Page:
I originally made this at a Charity Sewing Day as a ‘personal effects purse’ for patients at the local hospice. The purse would also work great as a coin purse or to keep you credit cards and receipts in. Alternatively, you could use it to discreetly store some sanitary pads when you are out and about.
A special ‘Thank You’ goes to Sarah at Made and Making in Hassocks (Sussex), who introduced me to this make. I have modified it slightly to ensure the template can be created on an A4 piece of paper and I have also changed the process of making it to avoid hand sewing.
- Fabric 4.5″ x 12″ for outside
- Fabric 4.5″ x 12″ for lining
- One A4 sheet of paper
- Medium or light weight interfacing, 4.5″ x 12″
- Press studs (poppers) or fabric snaps
- Sewing machine (with a heavy duty sewing needle, if you have)
- Usual sewing kit (rotary cutter, ruler, mat, scissors, iron, etc)
Making the template
Take an A4 sheet of paper. Along the long edge, cut off at 4.5″, creating a rectangle which is just shy of 12″ tall and 4.5″ wide.
At the top edge, mark the middle (2.25″), then draw a horizontal line 1″ down from the top.
Next, either freehand draw a curved line from the middle to the side, or use a curved object as a template. I rummaged through my cupboards and found a suitable bowl to create the curve.
Draw the half-curve. Fold your rectangle in half lengthwise (hot dog style) and cut along the curve, ensuring both sides are identical (this curve will be your flap). Open up and flatten your template.
Making the purse
Take your template and cut one piece from each of your two fabrics, plus one from the interfacing. Aim for the same size on all three, but make sure the interfacing is definitely NOT larger than the outside fabric (if it is, you’ll get stickiness on your ironing board or iron when ironing it!).
Fuse the interfacing to the wrong side of the outside fabric. Make sure you carefully check you have the right side up before you iron it! Follow the instructions for your particular interfacing – level of heat, steam / no steam.
Take your outside fabric (with the interfacing fused to the wrong side) and lay it right sides together with your lining fabric. Pin in place, especially around the curve.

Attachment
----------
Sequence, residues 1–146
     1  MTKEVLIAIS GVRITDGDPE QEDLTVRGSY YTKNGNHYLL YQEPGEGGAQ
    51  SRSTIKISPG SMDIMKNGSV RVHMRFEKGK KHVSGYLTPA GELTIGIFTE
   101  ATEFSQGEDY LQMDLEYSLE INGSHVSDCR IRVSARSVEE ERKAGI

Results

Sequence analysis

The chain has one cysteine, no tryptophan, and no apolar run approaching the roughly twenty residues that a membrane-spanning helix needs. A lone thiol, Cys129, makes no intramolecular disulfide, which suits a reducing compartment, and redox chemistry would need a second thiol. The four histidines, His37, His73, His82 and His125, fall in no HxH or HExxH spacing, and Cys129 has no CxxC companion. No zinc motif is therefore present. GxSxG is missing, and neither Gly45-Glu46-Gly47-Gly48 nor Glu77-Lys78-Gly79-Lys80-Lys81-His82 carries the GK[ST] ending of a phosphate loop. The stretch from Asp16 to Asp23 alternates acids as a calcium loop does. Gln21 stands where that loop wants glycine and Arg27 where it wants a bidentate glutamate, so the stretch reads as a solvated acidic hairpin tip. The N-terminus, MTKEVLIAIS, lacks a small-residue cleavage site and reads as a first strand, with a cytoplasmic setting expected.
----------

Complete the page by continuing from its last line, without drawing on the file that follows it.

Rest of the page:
Starting along the short straight edge (at the dot in the image above), sew around the whole shape, stopping just before the ‘OPEN’ line. I was using a seam allowance of just slightly less than the width of my pressure foot, so around 1/4″. Make sure you leave an opening large enough to turn the purse through and do secure the seam at the start and end.
Clip the corners and the curve to reduce bulk. I prefer using my pinking shears for curves, but you could cut out some small triangles with a normal pair of scissors; just make sure you don’t cut too close to the seam!
Turn the purse right side out. Fold in the seam allowance at the opening and ensure it lays flat. Fiddle with the corners and the curved edge to ensure all is looking sharp and even. Iron, making sure it looks good from the right side (no lining sticking out!).
With the outside fabric up, top stitch along the short edge, sewing near the short edge (thus closing the opening your turned the purse through). Iron again if needed.
With the lining fabric facing up, fold up 4.5″ from the straight edge (hamburger style). Pin in place.
Starting at one folded end, sew all the way around the purse to the other side; securing the seam at start and end, and going back and forward at the straight edge to give some extra strength.
N.B. This will be through quite a few layers so a heavy duty sewing needle will be very useful, but most machines will cope with a good quality needle and a bit of an extra push / pull. I used a ‘purple needle’ from Janome.
Attach you press studs / poppers / fabric snaps. I put mine in the middle, 1″ down from the curved edge.